“Looking carefully lest anyone fall short of the grace of God; lest any root of bitterness springing up cause trouble, and by this many become defiled.” (Hebrews 12:15, NKJV)
At the time of this writing, I am experiencing a weed problem in my yard. I have tried pulling them out by the roots and using a weed spray. Yet, they show their persistence by quickly growing back. It may be my imagination that those pesky weeds reappear within just hours—or perhaps even minutes. Why do weeds grow so much easier than my flowers?
Bitterness can be as stubborn as the weeds in my flower bed. Once it takes hold, it’s difficult to eradicate. Unfortunately, like weeds, bitterness can spread and affect those around us. Bitterness often results from hurt or offense. Unless we guard our spirit, unresolved hurts turn into anger, resentment, and bitterness.
A bitter root (Hebrews 12:15) can only produce bitter fruit. Nothing good will grow in such a situation.
What are some of the root causes of bitterness?
What are the long-term effects of bitterness in our lives?
Why is it so difficult to overcome bitterness?
Let’s look at the life of someone who faced serious hurts and disappointments and see how she responded to these difficulties.
Michal, the daughter of King Saul, may have expected a “happily ever after” life when her father announced she would marry David, the shepherd boy who had become the national hero. We are told Michal loved David, but she didn’t really get the “ever after” she hoped for.
The unraveling of Michal’s story began with her father’s intense jealousy of David. Saul decided to use Michal’s love for David as a means to rid himself of a perceived enemy. Allowing her to marry the man she loved was merely a trick to get David killed, with Michal as the unknowing victim of her father’s deception. The bride’s price Saul required wasn’t money but the death of one hundred Philistines (Israel’s enemies). Saul was sure David would die while carrying out this demand. Instead, David killed twice the number of Philistines, and the couple married. (Read I Samuel 18.)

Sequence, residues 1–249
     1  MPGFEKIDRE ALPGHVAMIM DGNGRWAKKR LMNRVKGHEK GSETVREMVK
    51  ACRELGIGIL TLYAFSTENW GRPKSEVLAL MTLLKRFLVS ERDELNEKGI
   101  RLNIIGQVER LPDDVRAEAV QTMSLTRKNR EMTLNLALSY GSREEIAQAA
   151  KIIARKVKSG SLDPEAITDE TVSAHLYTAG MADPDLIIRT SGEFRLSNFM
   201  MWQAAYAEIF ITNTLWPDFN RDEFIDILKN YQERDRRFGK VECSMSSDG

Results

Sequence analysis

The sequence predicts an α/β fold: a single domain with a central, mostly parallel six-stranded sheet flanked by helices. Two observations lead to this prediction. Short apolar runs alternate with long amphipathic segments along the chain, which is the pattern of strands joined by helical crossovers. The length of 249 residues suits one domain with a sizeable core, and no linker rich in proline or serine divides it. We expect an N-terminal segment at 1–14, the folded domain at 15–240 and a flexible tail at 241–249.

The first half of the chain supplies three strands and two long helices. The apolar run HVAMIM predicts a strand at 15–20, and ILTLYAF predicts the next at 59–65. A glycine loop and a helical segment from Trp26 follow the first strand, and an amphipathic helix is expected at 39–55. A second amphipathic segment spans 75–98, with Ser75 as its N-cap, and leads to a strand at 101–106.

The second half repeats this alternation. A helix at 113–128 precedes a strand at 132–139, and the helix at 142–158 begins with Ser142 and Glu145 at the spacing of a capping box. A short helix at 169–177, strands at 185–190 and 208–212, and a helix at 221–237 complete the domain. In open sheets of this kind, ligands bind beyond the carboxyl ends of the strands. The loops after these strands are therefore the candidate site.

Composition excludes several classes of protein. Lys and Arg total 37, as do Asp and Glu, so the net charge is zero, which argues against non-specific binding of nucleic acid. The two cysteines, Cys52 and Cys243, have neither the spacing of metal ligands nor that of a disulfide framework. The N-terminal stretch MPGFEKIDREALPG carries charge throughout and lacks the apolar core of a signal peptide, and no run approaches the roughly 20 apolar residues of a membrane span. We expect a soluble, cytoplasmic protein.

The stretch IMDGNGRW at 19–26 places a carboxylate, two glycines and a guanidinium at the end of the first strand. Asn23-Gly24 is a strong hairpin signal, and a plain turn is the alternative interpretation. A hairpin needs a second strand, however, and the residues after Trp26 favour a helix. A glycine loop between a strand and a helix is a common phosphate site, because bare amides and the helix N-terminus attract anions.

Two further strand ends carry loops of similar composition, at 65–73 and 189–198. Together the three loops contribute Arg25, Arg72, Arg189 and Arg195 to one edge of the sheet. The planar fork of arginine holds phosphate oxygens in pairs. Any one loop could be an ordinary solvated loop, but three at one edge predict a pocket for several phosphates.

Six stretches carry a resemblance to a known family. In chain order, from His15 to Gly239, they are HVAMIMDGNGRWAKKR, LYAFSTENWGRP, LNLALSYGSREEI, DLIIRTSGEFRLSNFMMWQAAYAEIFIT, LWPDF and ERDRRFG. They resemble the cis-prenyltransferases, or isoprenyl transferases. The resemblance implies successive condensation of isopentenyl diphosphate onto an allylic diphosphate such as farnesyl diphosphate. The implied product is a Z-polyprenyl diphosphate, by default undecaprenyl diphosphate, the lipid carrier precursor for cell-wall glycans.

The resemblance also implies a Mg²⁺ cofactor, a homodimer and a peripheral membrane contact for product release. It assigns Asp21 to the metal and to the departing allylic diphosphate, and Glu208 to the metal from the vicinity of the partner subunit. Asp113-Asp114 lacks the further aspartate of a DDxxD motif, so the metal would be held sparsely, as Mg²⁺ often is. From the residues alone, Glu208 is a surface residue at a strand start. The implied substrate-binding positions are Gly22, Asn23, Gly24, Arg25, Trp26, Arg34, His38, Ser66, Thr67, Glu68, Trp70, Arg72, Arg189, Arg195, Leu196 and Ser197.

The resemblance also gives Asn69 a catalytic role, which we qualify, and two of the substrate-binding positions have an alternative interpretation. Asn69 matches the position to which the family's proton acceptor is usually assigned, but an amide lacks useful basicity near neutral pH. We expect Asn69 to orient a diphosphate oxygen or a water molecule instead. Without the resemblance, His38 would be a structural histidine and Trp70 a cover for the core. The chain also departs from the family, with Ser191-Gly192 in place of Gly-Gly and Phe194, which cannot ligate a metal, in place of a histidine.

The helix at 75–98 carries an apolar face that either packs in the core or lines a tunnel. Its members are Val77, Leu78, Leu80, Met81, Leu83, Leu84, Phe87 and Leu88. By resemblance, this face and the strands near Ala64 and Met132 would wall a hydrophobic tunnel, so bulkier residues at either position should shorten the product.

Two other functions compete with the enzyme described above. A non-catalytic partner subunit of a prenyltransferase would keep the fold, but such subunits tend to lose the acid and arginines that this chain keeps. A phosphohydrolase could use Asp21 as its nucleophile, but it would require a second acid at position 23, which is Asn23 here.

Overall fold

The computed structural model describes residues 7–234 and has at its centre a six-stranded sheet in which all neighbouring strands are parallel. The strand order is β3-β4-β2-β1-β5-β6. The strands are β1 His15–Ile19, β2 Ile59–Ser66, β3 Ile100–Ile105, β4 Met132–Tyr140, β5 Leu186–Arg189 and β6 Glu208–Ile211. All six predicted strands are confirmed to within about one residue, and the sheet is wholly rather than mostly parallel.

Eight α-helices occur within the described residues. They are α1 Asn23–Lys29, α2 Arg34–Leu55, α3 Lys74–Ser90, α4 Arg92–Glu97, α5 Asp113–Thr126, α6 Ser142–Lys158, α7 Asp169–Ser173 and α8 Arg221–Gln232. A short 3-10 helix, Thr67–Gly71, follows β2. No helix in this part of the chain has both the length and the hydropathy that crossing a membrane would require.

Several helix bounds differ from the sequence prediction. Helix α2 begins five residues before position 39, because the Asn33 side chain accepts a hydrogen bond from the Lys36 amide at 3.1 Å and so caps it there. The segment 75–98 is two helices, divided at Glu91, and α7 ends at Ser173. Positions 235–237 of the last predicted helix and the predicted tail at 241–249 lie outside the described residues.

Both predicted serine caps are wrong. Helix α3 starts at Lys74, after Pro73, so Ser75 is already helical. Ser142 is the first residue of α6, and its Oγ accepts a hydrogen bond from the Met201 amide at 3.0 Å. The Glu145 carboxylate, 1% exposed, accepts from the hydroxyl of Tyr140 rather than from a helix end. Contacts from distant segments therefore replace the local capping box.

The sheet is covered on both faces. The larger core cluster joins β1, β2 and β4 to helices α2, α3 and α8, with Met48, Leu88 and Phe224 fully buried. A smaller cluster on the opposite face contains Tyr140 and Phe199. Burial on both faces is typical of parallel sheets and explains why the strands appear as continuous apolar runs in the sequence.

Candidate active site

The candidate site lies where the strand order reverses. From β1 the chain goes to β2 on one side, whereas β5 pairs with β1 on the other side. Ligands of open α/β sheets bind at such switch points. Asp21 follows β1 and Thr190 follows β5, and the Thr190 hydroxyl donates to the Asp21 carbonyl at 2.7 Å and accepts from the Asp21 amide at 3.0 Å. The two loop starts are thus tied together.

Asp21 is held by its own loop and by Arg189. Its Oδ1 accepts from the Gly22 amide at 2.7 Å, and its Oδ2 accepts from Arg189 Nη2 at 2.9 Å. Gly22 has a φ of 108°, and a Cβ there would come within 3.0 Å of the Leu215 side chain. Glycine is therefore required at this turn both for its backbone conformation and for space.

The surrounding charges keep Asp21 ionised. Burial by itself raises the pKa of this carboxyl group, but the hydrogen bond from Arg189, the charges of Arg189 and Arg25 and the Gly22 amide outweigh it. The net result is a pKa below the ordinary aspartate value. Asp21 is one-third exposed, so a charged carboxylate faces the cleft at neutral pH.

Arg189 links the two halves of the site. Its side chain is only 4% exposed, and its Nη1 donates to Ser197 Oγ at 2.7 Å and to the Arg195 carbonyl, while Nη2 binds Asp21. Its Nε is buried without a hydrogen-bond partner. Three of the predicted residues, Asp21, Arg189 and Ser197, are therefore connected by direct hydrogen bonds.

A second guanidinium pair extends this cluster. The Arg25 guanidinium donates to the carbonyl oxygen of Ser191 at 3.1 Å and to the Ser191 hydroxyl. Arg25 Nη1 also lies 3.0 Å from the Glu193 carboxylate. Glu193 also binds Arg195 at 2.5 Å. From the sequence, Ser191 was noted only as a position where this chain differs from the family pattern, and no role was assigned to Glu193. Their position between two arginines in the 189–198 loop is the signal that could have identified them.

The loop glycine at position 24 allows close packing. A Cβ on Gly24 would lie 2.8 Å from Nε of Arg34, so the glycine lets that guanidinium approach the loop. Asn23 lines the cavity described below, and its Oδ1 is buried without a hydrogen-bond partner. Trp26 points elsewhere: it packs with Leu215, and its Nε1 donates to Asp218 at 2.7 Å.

Michal’s life story is messy and sad. When David later had to flee for his life (I Samuel 19:11-17), Saul spitefully gave Michal to another man, Phalti, as his wife. After Saul’s death, Michal’s life was again disrupted as David demanded his wife’s return (II Samuel 3:13).
The sad result of the many upheavals Michal faced turned her into a resentful, bitter woman. When David brought the Ark to Jerusalem, he returned home to bring a blessing. But Michal’s bitter words kept him from pronouncing that blessing upon his household. Because she scorned David’s joyful worship, God cursed her with barrenness (II Samuel 6:16-23).
When we observe Michal’s response to her painful situations, we find her bitterness:
- Deprived her of joy.
- Brought her barrenness.
- Blocked God’s blessings.
THE ROOT OF BITTERNESS
Bitterness has been described as a slow poison. It gradually builds inside us until it destroys us. I suspect this is what happened to Michal. As she endured one hurt after another at the hands of those who should have loved and protected her, she allowed herself to become poisoned with bitterness. That bitterness kept her from worshiping, leading to barrenness in her body and soul.
Was Michal justified in feeling bitter about the difficult things in her life?
What steps could she have taken to overcome her disappointments and hurts?
Joseph was Jacob’s favorite son, a fact apparent to the young man’s older brothers. Because of his favored status, the brothers became jealous and hated him. The situation was not helped when Joseph reported their evil actions to his father. He also openly shared dreams God had given him, which only further incensed them. (Read Genesis 37.)